In marketing, we know that feedback can be extremely valuable. That’s why marketing professionals like myself test and measure everything. It’s too easy to wrongly assume that something is working or under-performing, just based on hunches or ill-informed input.
I was talking to a lady yesterday, who had recently redesigned the window display in her soft furnishings shop. She told me that the day she changed it, several people commented, to say they didn’t like it. One said “it just looks horrible!”
However, she explained that since changing the display, she was attracting considerably more paying customers than before. Had she acted on what those first people told her, she would have quickly gone back to the previous, under-performing window display. Instead, she decided to wait until there was some measurable data and THEN make an informed decision.
Whenever we get verbal or written feedback, it’s important to treat it in the correct context. Here are a few questions I ask myself, before I decide to act, which I would like to share with you:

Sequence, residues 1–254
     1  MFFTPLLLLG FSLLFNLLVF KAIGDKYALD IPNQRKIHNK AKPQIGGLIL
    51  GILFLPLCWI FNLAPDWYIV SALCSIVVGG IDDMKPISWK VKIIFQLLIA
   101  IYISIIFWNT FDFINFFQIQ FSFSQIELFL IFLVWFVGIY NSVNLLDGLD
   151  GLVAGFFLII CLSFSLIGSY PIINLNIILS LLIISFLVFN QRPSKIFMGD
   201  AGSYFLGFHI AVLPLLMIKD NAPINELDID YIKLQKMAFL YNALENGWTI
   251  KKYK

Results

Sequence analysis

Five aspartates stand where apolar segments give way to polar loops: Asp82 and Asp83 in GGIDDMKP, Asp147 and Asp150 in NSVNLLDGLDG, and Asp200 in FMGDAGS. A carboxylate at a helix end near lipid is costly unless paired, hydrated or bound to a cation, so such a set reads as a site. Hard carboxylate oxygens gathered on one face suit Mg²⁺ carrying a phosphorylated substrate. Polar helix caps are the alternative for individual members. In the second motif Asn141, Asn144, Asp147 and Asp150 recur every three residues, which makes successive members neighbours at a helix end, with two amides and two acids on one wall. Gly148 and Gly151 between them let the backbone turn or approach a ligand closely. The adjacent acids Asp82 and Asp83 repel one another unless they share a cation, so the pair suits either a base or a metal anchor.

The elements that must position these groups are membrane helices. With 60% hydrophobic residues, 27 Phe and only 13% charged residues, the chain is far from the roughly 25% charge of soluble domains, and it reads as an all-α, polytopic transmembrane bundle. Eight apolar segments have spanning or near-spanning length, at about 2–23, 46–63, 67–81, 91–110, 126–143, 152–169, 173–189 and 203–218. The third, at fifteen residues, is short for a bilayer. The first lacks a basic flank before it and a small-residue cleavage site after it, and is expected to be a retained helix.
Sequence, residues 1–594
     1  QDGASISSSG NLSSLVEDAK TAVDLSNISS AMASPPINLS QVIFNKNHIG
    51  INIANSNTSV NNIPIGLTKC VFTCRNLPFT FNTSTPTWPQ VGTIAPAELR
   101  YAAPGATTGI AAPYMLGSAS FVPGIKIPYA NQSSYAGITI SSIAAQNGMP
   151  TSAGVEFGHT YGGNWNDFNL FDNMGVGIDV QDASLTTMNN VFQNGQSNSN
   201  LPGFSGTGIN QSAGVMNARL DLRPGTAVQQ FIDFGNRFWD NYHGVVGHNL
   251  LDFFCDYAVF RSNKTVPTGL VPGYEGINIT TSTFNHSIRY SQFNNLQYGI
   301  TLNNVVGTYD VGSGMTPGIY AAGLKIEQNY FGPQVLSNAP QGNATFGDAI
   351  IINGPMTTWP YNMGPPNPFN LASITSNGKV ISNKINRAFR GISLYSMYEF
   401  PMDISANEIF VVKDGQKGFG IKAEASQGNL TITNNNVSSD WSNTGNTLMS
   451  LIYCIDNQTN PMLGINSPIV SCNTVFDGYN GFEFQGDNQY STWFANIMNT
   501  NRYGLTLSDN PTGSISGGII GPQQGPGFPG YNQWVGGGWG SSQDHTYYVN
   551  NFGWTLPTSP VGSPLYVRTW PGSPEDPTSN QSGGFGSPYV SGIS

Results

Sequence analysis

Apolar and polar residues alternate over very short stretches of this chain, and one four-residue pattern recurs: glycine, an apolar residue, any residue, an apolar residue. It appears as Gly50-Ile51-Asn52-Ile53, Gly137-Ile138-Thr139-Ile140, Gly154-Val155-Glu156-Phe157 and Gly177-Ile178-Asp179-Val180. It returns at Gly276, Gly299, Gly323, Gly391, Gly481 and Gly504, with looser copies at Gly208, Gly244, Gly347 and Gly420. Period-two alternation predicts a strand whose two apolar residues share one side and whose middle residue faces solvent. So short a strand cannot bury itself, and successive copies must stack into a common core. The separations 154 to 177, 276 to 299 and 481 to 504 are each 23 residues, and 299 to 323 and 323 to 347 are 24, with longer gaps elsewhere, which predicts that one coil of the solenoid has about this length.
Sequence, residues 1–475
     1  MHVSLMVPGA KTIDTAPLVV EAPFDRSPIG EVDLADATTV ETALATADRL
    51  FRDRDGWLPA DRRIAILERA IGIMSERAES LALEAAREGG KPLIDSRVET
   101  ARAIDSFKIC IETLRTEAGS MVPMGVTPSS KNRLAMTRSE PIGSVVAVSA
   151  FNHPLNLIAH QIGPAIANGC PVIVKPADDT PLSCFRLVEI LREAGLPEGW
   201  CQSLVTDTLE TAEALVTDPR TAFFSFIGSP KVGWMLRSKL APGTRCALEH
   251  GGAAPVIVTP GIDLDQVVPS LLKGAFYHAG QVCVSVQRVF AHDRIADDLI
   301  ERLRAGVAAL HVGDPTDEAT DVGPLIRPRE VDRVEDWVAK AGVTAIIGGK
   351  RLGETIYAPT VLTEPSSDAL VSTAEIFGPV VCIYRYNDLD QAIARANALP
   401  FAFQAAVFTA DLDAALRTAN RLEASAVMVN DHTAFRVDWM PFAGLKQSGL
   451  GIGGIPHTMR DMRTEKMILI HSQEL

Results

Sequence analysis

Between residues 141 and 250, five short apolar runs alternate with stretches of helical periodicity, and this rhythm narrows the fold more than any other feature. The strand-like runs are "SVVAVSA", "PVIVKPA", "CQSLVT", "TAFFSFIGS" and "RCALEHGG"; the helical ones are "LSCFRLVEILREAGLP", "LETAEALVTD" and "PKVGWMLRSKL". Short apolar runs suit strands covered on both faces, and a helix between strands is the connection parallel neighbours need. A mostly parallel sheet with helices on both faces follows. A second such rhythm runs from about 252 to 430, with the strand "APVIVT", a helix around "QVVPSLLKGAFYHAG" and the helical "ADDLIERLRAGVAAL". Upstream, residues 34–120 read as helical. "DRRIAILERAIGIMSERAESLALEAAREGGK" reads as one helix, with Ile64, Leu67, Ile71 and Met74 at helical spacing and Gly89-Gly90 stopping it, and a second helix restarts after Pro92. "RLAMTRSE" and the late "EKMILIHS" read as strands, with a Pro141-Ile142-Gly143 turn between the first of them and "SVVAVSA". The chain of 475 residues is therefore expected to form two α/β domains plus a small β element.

Is the person commenting from my target market? If not, it could be that their feedback is well-intentioned, but not reflective of what your marketplace thinks, wants or needs.
What is this person’s motive? Why would someone go to the time and effort, to get in touch with you regarding something they like or dislike about your business? There’s ALWAYS a reason! Some are motivated by a desire to help, others by a desire to hinder. Some are motivated by contribution, others by envy. Figure out their motive, then listen to what they are saying in context.
Are they an expert in that field? Never act on expert advice, unless it’s given to you by an expert. There was a guy in our village pub last week, giving the waiter some medical advice. (He’s a retired history teacher with no medical expertise or experience.)